There are currently eight Russian warships massed off of Syria confronting seven NATO ships, according to Turkish military sources.
When watching the weather forecast, we all focus just on the place we live and pass over the rest of the world.
On Nov. 1, Turkey will hold its fourth election in the last 20 months with hopes that it will be the last one and will help to reduce the political tension in the country by paving the way for the establishment of a stable government to immediately address Turkey’s pending issues.
Medine Dilek Yıldırım was a 5-year-old girl when her picture was taken for the “Dad, Send Me to School” campaign 10 years ago.
Being in Turkey these days feels like permanent déjà vu. And not in a good way.
President Recep Tayyip Erdoğan, even since his days as prime minister, has advised everybody to have three children.
How many are they and what motives did they vote with?
Sept. 25, 2015 was a turning point for our future. World leaders adopted the new Sustainable Development Goals (SDGs), which are essentially an agreed vision to put the people and the planet on a sustainable path by 2030.
Daron Acemoğlu, Turkey’s best shot at the Nobel Economics Prize, and Murat Üçer, who knows the Turkish economy better than anyone else, published the paper, “The ups and downs of Turkish growth, 2002-2015: Political Dynamics, the European Union and the Institutional Slide,” on Oct. 5.
No one is discussing the importance of startups any more. It is proved that startups can create more jobs than companies that are “too big to fail,” even in regressing economies.
Neither Turkey nor its NATO allies got the Russian message, conveyed through Syria, when a Turkish military reconnaissance aircraft was shot down, apparently in Syrian airspace over the Mediterranean in June 2012.
In Ukraine, it was the rebels who had to move first. They moved because Moscow has decided to freeze the conflict, which has now served its main purpose of saving Putin’s face.
I have been writing in this column since 2007. I did not parachute into this column; it was not the mighty hand of the current political power that made it possible for me to have this column. When I started writing, I had the experience, accumulation of information and perspective of views gained over 21 years spent in the local and international media as a reporter, editor and administrator.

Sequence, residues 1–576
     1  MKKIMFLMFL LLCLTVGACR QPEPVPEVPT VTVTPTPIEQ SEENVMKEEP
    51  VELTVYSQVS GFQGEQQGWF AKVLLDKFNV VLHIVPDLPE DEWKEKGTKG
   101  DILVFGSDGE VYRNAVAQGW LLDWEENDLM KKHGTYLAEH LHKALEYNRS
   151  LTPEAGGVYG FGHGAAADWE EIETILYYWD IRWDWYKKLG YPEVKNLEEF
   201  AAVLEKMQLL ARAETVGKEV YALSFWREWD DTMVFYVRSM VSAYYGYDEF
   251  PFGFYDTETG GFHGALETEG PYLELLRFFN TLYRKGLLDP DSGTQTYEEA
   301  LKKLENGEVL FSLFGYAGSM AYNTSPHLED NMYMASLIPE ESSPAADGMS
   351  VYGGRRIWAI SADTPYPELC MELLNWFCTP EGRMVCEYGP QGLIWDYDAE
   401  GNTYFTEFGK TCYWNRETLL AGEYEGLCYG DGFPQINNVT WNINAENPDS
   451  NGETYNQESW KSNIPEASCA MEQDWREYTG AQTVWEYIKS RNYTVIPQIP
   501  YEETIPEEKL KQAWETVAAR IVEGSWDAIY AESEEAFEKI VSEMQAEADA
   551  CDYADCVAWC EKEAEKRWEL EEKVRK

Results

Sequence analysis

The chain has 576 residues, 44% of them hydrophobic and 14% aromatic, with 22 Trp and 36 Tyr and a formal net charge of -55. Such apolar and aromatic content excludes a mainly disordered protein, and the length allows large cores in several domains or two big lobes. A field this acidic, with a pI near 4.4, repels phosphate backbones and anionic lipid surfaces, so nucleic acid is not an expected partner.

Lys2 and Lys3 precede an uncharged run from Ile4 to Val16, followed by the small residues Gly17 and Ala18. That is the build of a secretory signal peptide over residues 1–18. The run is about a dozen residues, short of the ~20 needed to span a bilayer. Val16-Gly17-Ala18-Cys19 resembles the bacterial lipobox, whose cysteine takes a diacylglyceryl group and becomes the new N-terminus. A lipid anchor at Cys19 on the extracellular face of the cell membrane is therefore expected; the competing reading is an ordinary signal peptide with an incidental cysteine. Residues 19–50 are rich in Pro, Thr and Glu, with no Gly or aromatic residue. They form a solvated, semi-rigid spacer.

It is irony at its best, or utter hypocrisy in fact, to be critical of Russian meddling in Syria
A Turkish-born scientist made the headlines yesterday for winning the Nobel Prize in Chemistry, while also raising the question whether it would be possible had he stayed in Turkey instead of moving to the United States
Political parties in Turkey have announced their MP candidates for the crucial Nov. 1 election, providing a number of hints for observers who are wondering whether the outcome will be dramatically different than the June 7 polls.
The Kurdish issue-focused Peoples’ Democratic Party (HDP) will have four cabinet ministries, and Nationalist Movement Party (MHP) will have four ministries, in the case that a coalition is not formed and President Recep Tayyip Erdoğan makes the decision of an early election.
We are watching with astonishment how those people who sat down to negotiate with a 31-year-old terror organization left the table without taking the necessary precautions and, instead of taking responsibility for what followed afterward, are trying to get away by declaring anybody randomly as a “supporter” of the outlawed PKK.
We would have been extremely surprised if you ever understood journalism and the job we do. We do not issue a political party’s newsletter disguised as a newspaper or a news channel
Turkey cannot remain indifferent to what’s happening next door in Syria.
One the most troubling pieces of news to come out of Turkey this past week was an attack on Ahmet Hakan Coşkun, one of the country’s top journalists.
The civil war in Syria has entered a new phase with the active involvement of Russia.
Prime Minister Ahmet Davutoğlu announced the election manifesto of the ruling Justice and Development Party (AKP) on Oct. 4, including some very big economic pledges.
Turkey has said farewell to former President Süleyman Demirel, who as a figure in Turkish politics since the 1960s, served seven times as the country’s prime minister, crowning his political tenure as president between 1993 and 2000.
The responsibility to change the course of Egypt again falls on all Egyptians
It was an exciting one. In July with their country in a deep economic crisis, Greeks were asked by their government to say “no” to the “ultimatums and blackmail of the country’s creditors.”
Turkey may be directing defiant remarks at Russia for its military operations in Syria and its violation of Turkish airspace, but there is little that Ankara can do on its own in this regard.
Annual inflation has neared 8 percent again.
The reputation of journalists has been growing in the negative direction for quite a long time.
In the past, if a politician who was already regularly performing his daily prayers was seen going to the mosque with the slightest hint of public visibility, he would be scolded immediately: “Hey, do not make religion a political tool.”
The hajj is for all Muslims. Therefore, isn’t it a big mistake to leave it to Saudi Arabia, which is inefficiently managing such a huge organization and is not even being accountable?
This is what Aydın Doğan, who has been in the media sector for 40 years, had to say:
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